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Condo still damaged 9 months after Ike

Houston, TX |

I live in a condo in which 90% of the complex was damaged by hurricane ike. There is severe roof damage and 90% of the units in the complex lost 1 or more walls. The majority of us are all living with tarp that covers the holes in the walls.

In the last few weeks, heavy rains have compromised the roof even more, and now it is to the point that each moderate to heavy rain brings water into most of our units. The roaches are out of control and I anticipate this getting worse with the aproaching heat.

We are now going into another hurricane season, and there will be more heavy rains. The management company has done nothing to make repairs from either Ike or the storm damage from a few weeks ago.

Mgmt. have said that they are still hashing it out with the insurance company. While this may very well be true, we are all still making our rent payments, and some of the residents are making mortgage payments because they own their units. At this point, I am praying that God will spare us another hurricane or tropical storm this year, because the complex will not be able to handle it. If my lease was up any time soon, I would head for the hills, but I still have many months to go. Who can we complain to? Is there any recourse. I feel that we are all at risk for many issues, including mold from the continued water in our homes, pests and the impending damage to our of our personal property if we should have a heavy storm or hurricane. While I do have renters insurance, I would not like for the management to rely on the insurance of others while they bypass their own responsibility to us as residents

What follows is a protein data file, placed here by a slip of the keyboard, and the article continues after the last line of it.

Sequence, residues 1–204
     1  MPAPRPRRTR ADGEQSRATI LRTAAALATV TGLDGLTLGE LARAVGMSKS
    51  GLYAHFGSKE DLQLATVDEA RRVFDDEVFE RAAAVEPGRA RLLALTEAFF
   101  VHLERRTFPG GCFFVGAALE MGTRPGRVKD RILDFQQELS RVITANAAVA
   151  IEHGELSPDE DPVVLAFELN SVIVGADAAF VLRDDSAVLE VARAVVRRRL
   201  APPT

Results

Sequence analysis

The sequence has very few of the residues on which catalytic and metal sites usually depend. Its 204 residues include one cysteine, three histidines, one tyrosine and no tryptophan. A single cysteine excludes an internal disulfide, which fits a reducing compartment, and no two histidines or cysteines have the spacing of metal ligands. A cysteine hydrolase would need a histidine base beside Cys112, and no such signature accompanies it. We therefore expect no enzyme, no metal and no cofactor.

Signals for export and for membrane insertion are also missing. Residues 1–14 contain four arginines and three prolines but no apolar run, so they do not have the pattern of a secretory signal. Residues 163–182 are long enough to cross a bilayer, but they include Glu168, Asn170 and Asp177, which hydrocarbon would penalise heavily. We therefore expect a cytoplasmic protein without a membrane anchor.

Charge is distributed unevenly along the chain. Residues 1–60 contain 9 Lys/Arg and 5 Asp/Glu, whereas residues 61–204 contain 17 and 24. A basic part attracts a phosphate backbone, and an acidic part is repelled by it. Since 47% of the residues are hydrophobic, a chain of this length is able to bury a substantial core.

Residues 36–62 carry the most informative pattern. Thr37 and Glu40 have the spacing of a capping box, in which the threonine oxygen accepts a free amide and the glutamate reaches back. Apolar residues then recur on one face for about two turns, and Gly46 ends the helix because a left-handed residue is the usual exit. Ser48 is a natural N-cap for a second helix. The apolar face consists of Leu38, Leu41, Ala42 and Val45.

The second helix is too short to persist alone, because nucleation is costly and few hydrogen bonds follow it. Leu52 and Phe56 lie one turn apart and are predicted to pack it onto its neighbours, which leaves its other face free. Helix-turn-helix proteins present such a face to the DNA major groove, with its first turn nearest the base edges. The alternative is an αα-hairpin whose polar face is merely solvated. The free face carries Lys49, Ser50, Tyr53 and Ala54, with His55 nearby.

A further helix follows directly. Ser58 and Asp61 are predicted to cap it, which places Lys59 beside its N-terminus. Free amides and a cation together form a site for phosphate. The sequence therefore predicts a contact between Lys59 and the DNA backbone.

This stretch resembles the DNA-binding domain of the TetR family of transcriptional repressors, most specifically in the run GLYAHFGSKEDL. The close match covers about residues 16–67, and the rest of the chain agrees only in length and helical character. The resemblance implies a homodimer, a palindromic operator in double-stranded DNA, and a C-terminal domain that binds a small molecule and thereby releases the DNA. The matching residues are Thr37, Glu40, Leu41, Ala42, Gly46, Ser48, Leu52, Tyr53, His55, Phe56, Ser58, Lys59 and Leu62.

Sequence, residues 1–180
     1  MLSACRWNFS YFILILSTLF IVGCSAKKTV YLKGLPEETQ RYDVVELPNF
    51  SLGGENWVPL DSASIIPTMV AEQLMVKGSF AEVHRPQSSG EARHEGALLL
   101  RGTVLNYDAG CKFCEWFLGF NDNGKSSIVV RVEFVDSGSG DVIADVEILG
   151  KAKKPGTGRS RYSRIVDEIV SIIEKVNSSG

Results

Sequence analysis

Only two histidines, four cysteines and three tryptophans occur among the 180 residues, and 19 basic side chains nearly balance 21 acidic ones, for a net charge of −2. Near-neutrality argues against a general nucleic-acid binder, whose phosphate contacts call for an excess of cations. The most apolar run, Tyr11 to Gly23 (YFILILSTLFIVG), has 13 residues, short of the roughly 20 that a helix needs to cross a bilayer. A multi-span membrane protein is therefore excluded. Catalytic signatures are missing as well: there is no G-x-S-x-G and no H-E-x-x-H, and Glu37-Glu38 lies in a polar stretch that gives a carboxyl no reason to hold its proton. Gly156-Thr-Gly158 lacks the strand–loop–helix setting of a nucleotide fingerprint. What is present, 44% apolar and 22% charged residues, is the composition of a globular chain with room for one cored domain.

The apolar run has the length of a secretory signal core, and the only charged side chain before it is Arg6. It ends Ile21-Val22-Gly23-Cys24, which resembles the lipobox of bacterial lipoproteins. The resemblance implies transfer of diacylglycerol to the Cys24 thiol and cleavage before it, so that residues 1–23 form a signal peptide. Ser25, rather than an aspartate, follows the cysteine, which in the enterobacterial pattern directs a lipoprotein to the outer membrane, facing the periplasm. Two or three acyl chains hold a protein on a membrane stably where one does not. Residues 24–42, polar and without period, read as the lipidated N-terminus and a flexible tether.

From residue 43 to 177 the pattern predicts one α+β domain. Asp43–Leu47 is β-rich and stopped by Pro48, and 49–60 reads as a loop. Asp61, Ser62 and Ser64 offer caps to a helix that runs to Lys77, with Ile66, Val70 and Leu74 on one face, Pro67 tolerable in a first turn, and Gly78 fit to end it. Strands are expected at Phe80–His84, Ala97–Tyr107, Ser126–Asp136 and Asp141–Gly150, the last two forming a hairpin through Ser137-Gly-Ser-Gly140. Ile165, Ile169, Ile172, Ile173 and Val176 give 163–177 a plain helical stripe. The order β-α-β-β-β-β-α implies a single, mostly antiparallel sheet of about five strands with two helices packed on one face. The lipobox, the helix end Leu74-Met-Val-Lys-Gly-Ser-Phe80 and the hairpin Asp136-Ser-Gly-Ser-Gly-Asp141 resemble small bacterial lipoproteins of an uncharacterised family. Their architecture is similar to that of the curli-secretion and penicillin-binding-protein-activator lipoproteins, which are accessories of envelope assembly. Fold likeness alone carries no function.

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Attorney answers 1


First you must look at your lease to see what recourse you have for Landlord default.
The casualty clause is what covers if there is an accident or damage caused not due to your actions.
Therein a time period should be alloted for when the damage must be estimated, repair work commenced, and all repairs complete. You must also list in writing your demands for repair and the itemized list of all malfunctions, and areas of concern or unhabitability (water, mold, leaking, pests, structural issues, etc.). Address this to landlord and owner according to the notice provisions in the lease. If progress has not commenced or is being delayed you must request a timeline for when it would be completed and then decide if you should litigate with the owner by moving out and breaking your lease. Consult a Texas real estate attorney to give you good advice.